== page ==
Can you spot a DeepFake?

Facebook’s Contest proves it’s tougher than you think!

Can you figure out which are real, and which are fake? Answer at the end of the article. [Image Credits: Facebook]

As a machine learning enthusiast and practitioner, news of the results of Facebook’s AI contest twigged my ears.

Note: Facebooks Public Announcement on the Results

Starting back in September 2019, Facebook AI challenged some of the best academic institutions to develop and algorithm that could identify is a video was generated by AI or if it was real.

Universities including Oxford and Berkley were tasked with a training dataset of over 4000 videos, and by November 2019, 115,000 videos being released and the competition was expanded onto Kaggle.

Ultimately, the most competitive model could identify (in-sample) about 85% of fakes but out of sample, this dropped considerably to 65%! Now this is for sure better than chance, but it’s not as great as we would have hoped.

The reasons why models work different in and out of sample are complicated, but come down to how well the machine learning model can generalise. If it recognises a certain image — a good model should also recognise the image if it is rotated. However, a model that cannot generalise will not be able to recognise unfamiliar samples.

Now remember, Facebook are clever.

Facebook had generated fake videos in a variety of ways so they could reflect the diversity in ways that deep fakes are currently made. Methods such as image enhancement, and additional augmentations and distractors, such as blur, frame-rate modification, and overlays.

They also took advice from the Universities on how to make the deep fakes even harder to identify. All in all, they made the problem difficult not in just one or two ways, but a wide variety of ways: enough ways that makes it difficult to hard-code every permutation.

Now in the testing phase, each participant would have to submit their code into a black box environment and from there, 10000 further videos would be passed through the contestants model to see how well it would perform.

Here is how it becomes tricky

Videos were then altered in ways outside the scope of the training data set by e.g. adding random images to each frame, and changing the frame rate and resolution. These are common methods to distort images and they were used increase the difficulty level. The results indicate that the models developed could not fully adapt to these new settings.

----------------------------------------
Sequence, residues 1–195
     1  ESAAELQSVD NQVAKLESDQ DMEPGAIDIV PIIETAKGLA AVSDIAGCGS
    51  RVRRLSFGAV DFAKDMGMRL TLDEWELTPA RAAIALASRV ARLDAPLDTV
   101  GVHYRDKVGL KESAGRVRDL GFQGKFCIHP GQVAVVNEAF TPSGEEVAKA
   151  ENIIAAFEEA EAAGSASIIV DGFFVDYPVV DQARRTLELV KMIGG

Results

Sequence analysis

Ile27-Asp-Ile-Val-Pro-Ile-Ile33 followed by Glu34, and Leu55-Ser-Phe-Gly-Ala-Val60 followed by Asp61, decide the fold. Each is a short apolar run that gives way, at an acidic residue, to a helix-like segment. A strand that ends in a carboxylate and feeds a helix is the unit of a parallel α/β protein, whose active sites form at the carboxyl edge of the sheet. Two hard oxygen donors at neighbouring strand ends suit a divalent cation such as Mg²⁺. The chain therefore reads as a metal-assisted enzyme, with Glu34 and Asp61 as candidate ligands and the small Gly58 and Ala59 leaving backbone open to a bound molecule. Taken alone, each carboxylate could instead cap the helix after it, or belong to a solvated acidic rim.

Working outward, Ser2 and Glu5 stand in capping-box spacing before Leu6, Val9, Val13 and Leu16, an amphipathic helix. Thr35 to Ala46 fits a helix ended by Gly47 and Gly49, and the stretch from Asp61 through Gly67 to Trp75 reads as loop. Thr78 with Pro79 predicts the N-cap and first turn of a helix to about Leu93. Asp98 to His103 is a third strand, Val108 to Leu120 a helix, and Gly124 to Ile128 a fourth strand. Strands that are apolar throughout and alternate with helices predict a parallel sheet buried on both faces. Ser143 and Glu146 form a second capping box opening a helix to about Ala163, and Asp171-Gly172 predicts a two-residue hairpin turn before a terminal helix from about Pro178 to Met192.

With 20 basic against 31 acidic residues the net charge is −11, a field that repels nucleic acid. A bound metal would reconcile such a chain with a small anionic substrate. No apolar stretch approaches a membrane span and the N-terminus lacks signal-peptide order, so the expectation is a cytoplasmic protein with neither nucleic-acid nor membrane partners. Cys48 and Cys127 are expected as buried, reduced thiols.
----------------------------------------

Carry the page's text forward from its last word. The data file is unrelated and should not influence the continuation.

Methods that Competitors Used

Attention Dropping

Microsoft Research developed a “Weakly Supervised Data Augmentation Network (WS-DAN)” that explored the potential of data augmentation, whereby, each training image is first represented in terms of its objects discriminative parts, and then, augmented in ways that include attention cropping and attention dropping. This guides the learning procedure not to overfit as more discriminative features are being identified.

Secondly, the attention regions provide an accurate location of the object, which ensures our model to look at the object closer and further improve the performance.

See Better Before Looking Closer : [paper]

In relation to this problem, this allows the model to ‘see’ the pictures better and in more detail to discern discriminative face parts. These types of fine-grained visual classification seem to provide an edge.

Gaining an edge in their Custom Architecture

Architecturally as well, many of the participants had used pertained EfficientNet networks but some found in edge in the manner by which they combined predictions from an ensemble.

Ensemble methods are common in machine learning and the higher performers in this challenge showed that an ensemble approach is also useful for dealing with deepfakes.

Photo by Christian Gertenbach on Unsplash

Non-Learned Enhancements

Finally an interesting point: none of the top performers had used any investigative methods such as searching for noise fingerprints or other characteristics that derive from the image creation process. Given that none of the finalists had used any of these methods, it suggest they aren’t useful or just not widespread. Either way, there’s scope for research in this space

The results of the competition showed that deepfake videos are hard to identify because they require well generalised models. We’ve seen time and time again that machine learning models are often over-fitted to a certain problem so that if the input space into a model is altered (such as an image being rotated), then the model can no longer identify what the image is anymore.

That being said, Robustness methods are in growing demand to ensure that the model can work and a lot of work is being done in this space by the big players in the field. Work will progress here quickly but as the lockdown around the world continues and more people spend even more time on the internet, demand for this technology can only increase.

In the first video above, clips 1, 4, and 6 are original, unmodified videos. Clips 2, 3, and 5 are deepfakes created for the Deepfake Detection Challenge.

Thanks for reading again!! Let me know if you have any questions and I’ll be happy to help.

Keep up to date with my latest work here!

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